Friday, June 13, 2008

Summer of Change

Long time readers of this blog have probably noticed that it has changed quite a bit since I first started writing it two years ago. It is less about bush medicine and more about bush culture. And, frankly, it is more about me than I originally intended. The first change has evolved out of a general concern for patient confidentiality. The hospital decided that I could not post any pictures taken in their facilities, and that made me less interested in writing the medical stories. There was so much to write about the culture that I hardly noticed the shift.

The second shift, to writing more about myself, came more gradually. As much as I thought the blog was not about me back in the beginning, it was to some degree. It is just a little more so now.

The biggest change of all is now happening, and I am not sure just how this blog will go on after it is done. This is my last summer in Bethel. And I am already spending it alone.

Dutch and I have been feeling for the last few months as though the time was coming when we would be ready to move on, to turn the page, to live our life someplace different than Bethel. In April he applied for a position with the City of Kenai; it was offered, he accepted, and a month ago he moved there to start his new job. I am required to give much more notice, and can’t leave here until the end of September. Four months apart until I can join him there. He started exactly five days after our wedding.

Kenai (KEEN eye) is a small town (population 7,400) in southcentral Alaska, about 60 air miles and 150 road miles south of Anchorage. It is on the Kenai Peninsula at the mouth of the Kenai River. It is on Alaska’s limited road system, therefore not “in the Bush”. And it is in the land of tall mountains, big trees and beautiful ocean—the “picturebook” part of Alaska.

We found a wonderful house through serendipitous good fortune: a friend here had a relative there who was looking for some reliable people to lease the house for a year. And dogs welcome! It was perfect. It is right on the Kenai River, has a great fenced dog yard, and moose wandering through the property on their trails down to the river. The deck on the back looks out over the tops of tall fir trees, eagles flying up the river, and the Alaska Range marching straight into the Pacific Ocean. I am so ready to put a hot tub on that deck.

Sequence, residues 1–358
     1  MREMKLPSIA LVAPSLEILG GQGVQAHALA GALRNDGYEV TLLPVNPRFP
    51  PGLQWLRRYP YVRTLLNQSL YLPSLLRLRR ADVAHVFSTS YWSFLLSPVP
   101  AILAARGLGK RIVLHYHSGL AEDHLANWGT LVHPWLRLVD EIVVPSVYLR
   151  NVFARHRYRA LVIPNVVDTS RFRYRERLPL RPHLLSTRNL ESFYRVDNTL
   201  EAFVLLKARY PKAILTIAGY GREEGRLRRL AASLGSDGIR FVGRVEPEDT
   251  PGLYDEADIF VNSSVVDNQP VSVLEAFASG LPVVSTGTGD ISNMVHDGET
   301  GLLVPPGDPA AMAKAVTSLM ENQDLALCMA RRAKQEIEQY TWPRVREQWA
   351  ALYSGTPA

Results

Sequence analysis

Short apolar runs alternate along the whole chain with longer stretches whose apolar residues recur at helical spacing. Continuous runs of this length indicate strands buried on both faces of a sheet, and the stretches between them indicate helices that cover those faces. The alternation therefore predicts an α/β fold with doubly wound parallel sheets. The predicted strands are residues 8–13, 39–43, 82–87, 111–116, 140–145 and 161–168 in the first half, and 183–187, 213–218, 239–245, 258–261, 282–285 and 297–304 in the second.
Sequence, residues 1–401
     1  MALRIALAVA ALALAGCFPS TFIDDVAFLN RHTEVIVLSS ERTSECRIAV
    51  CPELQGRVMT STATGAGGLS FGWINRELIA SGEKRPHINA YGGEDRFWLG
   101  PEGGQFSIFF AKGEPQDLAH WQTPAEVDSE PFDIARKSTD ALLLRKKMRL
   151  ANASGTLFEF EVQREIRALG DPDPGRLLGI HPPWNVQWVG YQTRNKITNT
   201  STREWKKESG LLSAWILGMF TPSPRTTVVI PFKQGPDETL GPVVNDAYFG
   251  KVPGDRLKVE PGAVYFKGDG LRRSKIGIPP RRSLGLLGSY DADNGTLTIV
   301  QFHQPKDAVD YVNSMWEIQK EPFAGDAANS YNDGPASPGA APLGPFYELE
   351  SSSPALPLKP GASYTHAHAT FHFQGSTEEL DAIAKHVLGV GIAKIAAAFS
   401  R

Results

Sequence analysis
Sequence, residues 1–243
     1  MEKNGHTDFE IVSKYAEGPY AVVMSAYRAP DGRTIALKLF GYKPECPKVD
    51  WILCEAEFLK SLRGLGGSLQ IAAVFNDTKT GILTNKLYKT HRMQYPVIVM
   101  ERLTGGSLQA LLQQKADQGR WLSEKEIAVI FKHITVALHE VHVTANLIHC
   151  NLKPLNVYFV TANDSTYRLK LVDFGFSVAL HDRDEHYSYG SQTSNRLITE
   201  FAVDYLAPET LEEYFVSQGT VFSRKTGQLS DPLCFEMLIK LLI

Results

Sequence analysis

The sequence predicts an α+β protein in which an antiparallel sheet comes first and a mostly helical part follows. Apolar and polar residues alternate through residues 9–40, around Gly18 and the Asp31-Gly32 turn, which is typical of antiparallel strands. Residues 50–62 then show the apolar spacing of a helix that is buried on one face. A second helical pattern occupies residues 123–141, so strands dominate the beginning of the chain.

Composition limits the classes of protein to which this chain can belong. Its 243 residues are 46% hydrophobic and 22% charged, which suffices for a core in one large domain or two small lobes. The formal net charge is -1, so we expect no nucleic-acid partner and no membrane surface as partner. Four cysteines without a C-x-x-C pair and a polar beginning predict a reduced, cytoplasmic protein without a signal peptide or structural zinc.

One of the best things about this change is that I will get to keep part of my old job, one of the parts I like the best. I will continue to do Radio Medical Traffic with the health aides in the villages by fax/phone from Kenai. And I hope to be able to fly back for an occasional village trip as well.

Once fall comes, I will no longer live on the tundra, but I will always be The Tundra PA. The beauty of the tundra has taken up residence in my heart, and it will always be part of me. Tundra Medicine Dreams will continue but may be a completely different type of blog. My interest in writing and what I want to write about is shifting along with all of this. It is time to start writing my novel.

Leaving Bethel is a huge change in my life, along with the loss of my grandmother and the acute loneliness of being separated from Dutch. The second two are a deep ache in the heart, lessened a little by all the planning and details for the first. There is much work to do, sorting, packing, cleaning, and selling off the big things like the boat, the snowmachines, and my truck. I’m not a packrat, but I’ve managed to accumulate a fair amount of junk in my ten years here.

All three dogs have stayed in Bethel with me, but now that Dutch is somewhat settled in to his job and our new house, it is time for Bear to go and keep him company. I’m planning a trip over for the 3-day weekend of the 4th of July, and he’ll go along as part of my checked luggage. After that it will be just us girls here in Bethel—me, Pepper and Princess.

And if I stay busy, the summer will go by quickly; there are fish to catch and berries to pick, as well as patients to see. It’s all good.

109 days until October 1st. Not that I’m counting.

Photos of moose by Dutch: the first just outside his office at City Hall, the second about a block from our house. Isn't it just such a Cecely moment? Feels like Northern Exposure all over again.



Blogger RunninL8 said...

...Wow! What an exciting new chapter awaiting you! I always get a vicarious rush when hearing about people embarking on a new life journey!